Pole-dancing mother of two battles cancer

Ms Jasmine Han feels free when pole dancing.
PHOTO: The New Paper

"I'm a warrior, not a survivor."

That is Ms Jasmine Han's motto.

One of the founders of Slap dance studio, the 40-year-old, who has breast cancer, not only runs the studio - managing 25 workers handling more than 1,500 pole-dancing students, she is also a mother of two children aged five and seven.

Ms Han herself is an avid pole dancer and was an instructor for 10 years until she was diagnosed with breast cancer last November.

She is in Stage 1C and is undergoing chemotherapy. She had a mastectomy last month.

"I only found out I had cancer when I went for a check-up after a miscarriage," said Ms Han.

"My energy level was so low in the first week after my first chemotherapy (session). "

She never lost hope or stopped dancing. She says she feels free when pole dancing, as it requires her to fully concentrate on the music and tricks.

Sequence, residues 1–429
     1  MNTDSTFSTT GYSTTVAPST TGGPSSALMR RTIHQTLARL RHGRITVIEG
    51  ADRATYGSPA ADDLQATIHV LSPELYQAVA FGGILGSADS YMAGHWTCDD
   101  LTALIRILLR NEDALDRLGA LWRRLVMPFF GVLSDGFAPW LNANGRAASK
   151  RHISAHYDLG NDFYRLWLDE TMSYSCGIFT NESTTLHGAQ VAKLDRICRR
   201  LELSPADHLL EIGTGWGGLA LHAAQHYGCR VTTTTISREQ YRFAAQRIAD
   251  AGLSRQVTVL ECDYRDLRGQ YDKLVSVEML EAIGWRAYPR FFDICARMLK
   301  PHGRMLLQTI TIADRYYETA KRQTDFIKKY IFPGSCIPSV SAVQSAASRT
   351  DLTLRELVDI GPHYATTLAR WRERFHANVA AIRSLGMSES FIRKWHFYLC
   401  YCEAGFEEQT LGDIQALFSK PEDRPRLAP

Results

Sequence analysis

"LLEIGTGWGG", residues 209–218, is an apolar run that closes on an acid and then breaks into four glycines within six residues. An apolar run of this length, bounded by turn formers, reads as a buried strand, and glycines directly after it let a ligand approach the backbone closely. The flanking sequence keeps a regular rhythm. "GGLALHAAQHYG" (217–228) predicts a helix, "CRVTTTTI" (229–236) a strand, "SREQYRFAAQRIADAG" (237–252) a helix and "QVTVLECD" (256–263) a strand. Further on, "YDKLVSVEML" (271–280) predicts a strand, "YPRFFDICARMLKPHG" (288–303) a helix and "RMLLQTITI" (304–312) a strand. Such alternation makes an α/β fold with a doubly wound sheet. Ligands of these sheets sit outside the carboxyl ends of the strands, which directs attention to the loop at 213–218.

The support system of family, friends and staff has helped her maintain a normal lifestyle.

"I'm never alone during visits to the doctor. I always have a listening ear without fearing judgement and am very grateful for my circle of care," she said.

Ms Han shared some tips on how she juggles her responsibilities.

She said: "I recommend cooking and cleaning as much as you can when your energy allows you to and stock up as much food as possible for quick prepping."

She stressed the importance of choosing a doctor, because she describes it as a long-term relationship both parties have to be comfortable with.

"It's important to look for a doctor who adopts new techniques and methods. My oncologist, Dr Karmen Wong, picks the right treatments for me based on my individual case," she added.

She shares her life lessons:

Breathe- it is the only thing that keeps us living.

Surround yourself with the right people.

Take things one day at a time, because you never know what will happen next.

She also emphasised the importance of having insurance and for women to go for regular check-ups.

Members of the public can sign up for cancer insurance with the likes of Income, OCBC Bank and FWD Singapore, and Ms Han added: "You don't have to wait till you are 40 to go for mammograms."

This article was first published in The New Paper.

Purchase this article for republication.